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Free performance report on all Eucla agents

There are real estate agents servicing Eucla and surrounds. In 2016 they sold properties. We have analysed all these Eucla agents and on request within 24 hours we will send you a free, up-to-date report on their performance, sales track record and what fees you should pay. View report contents

We are the only service in Australia that analyses all local agents and their performance, and provides this to you in a transparent and unbiased manner. View frequently asked questions

We pride ourselves on providing independent, insightful analysis on real estate agents. Read real client case studies to see how we continually exceed expectations. We never disclose your details to any agents unless you specifically instruct us to do so.

Eucla Real Estate Agents – Choose The Best

Real Estate Agents Eucla

The best Eucla Real Estate Agents sell properties considerably better than industry average figures, no matter whether it is in Eucla or the Dundas area or all of WA. We detail who these Eucla agents are in our free report.

Importantly it is the performance of the individual real estate agent rather than the agency used that matters. Vendors should only use those Eucla agents who routinely deliver superior results for their clients. This is crucial to maximise their chances of securing the best possible price for their Eucla property.

While we can review agent performance right across the country, we suggest focusing on those individual real estate agents in Eucla or the 6443 postcode and immediate surrounds.

Request your free report for the individual performance details of real estate agents in Eucla and the properties they have sold over the last couple of years.

With Eucla property transactions only occurring on average every 7 years, securing the best Eucla real estate agent to manage this infrequent transaction is crucial.

Suburb Overview

Eucla is the easternmost locality in Western Australia, located in the Goldfields-Esperance region of Western Australia along the Eyre Highway, approximately 11 kilometres west of the South Australian border. At the 2006 census, Eucla had a population of 86.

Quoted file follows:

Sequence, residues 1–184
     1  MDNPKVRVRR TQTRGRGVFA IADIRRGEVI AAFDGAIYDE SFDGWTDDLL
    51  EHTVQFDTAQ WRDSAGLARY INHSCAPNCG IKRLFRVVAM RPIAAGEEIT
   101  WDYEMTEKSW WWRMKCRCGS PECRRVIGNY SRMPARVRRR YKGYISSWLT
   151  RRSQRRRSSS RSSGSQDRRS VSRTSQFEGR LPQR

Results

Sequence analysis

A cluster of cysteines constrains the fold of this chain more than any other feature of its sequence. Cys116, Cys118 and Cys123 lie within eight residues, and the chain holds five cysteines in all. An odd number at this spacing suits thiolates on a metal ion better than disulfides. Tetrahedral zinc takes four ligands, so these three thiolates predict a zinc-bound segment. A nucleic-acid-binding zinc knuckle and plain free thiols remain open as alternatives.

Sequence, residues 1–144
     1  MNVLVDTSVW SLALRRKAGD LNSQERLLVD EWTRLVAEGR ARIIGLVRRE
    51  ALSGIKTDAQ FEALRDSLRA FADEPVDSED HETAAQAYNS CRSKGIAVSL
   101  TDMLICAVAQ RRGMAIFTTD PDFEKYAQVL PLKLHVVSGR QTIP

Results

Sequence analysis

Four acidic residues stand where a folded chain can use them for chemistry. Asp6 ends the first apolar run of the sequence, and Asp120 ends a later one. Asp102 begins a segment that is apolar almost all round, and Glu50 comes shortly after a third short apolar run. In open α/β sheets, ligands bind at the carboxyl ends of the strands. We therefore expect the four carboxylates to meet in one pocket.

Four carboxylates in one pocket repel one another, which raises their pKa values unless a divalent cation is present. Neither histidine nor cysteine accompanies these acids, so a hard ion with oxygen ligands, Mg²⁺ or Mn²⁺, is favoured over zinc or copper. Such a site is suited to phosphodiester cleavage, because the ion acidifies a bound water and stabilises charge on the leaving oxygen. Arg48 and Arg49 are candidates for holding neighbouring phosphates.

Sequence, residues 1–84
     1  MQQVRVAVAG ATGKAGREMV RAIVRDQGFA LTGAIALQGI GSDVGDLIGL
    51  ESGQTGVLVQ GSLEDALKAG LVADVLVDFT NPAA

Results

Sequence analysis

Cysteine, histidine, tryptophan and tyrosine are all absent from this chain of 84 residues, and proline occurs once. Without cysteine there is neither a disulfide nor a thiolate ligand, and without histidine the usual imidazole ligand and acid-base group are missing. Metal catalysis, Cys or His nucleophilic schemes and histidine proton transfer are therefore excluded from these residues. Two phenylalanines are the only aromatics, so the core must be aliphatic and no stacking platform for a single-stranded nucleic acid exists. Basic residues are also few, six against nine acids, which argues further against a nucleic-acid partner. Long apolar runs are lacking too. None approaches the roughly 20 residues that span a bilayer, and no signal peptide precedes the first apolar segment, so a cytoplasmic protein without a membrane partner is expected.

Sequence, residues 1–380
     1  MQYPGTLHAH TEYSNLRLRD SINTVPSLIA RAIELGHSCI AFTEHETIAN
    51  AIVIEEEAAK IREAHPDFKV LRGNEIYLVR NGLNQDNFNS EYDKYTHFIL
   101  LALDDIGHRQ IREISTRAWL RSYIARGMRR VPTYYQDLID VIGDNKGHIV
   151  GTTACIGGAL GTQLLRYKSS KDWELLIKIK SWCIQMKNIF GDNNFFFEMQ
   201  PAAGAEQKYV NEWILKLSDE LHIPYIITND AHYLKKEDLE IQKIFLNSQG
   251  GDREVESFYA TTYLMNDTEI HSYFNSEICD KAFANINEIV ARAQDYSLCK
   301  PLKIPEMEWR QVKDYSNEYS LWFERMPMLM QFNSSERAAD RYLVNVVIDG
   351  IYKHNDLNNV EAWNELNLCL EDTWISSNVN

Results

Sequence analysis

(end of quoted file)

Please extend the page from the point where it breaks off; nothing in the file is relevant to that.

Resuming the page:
It is the only Western Australian location on the Eyre Highway that has a direct view of the Great Australian Bight due to its position immediately next to the Eucla Pass

The name Eucla is believed to originate from an Aboriginal word "Yinculyer" which one source gives as referring to the rising of the planet Venus. It was first used by Europeans for the area at some point before 1867.

In 1841, Edward John Eyre became the first explorer to visit the area. In 1867, the president of the Marine Board of South Australia discovered a port at Eucla, and in 1870, John Forrest camped at the location for nearly two weeks. In 1873, land was taken up at Moopina Station near the present townsite, and work commenced on a telegraph line from Albany to Adelaide. Land was set aside at Eucla for the establishment of a manual repeater station, and when the telegraph line opened in 1877, Eucla was one of the most important telegraph stations on the line. The station was important as a conversion point because South Australia and Victoria used American Morse code while Western Australia used the international Morse code that is familiar today. A jetty and tram line were constructed for offloading supplies brought in by sea. The town was proclaimed a township and gazetted in 1885, and reached its peak in the 1920s, prior to the construction of a new telegraph line further north alongside the Trans-Australian Railway in 1929.

In the 1890s a rabbit plague passed through the area and ate much of the Delisser Sandhills ' dune vegetation, thus destabilising the dune system and causing large sand drifts to encroach on the townsite. The original town was abandoned, and a new townsite established about 5 km to the east and higher up on the escarpment. The ruins of the telegraph station still stand amongst the dunes, and are a local tourist attraction.

Many of the pioneer farmers and telegraph operators were buried at Eucla, but as the sand dunes encroached onto their graves, some of the headstones and plaques were removed and can now be seen at the museum at Eucla.

In 1971, worldwide media publicity came to the town after reports and photographs emerged of a half-naked blonde girl who had gone wild and lived and ran with the kangaroos, who came to be known as the " Nullarbor Nymph ". The story subsequently turned out to be a hoax cooked up by the residents of the tiny settlement.

Eucla is the largest stopping point between Norseman and Ceduna for travellers and trucks along the Eyre Highway. It has a hotel and restaurant, a golf club, a museum dedicated to the Old Telegraph Station, and a meteorological station. These together with fishing are the locality's major activities. There is a Travellers Cross that commemorates deceased local people.

Eucla and the surrounding area, notably Mundrabilla and Madura, use the Central Western Time Zone of UTC+8:45. Although it has no official sanction, it is universally observed in this area, stopping just to the east of Caiguna.

Balladonia WA 6443
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Madura WA 6443
Eucla WA 6443
Fraser Range WA 6443
Mundrabilla WA 6443
Caiguna WA 6443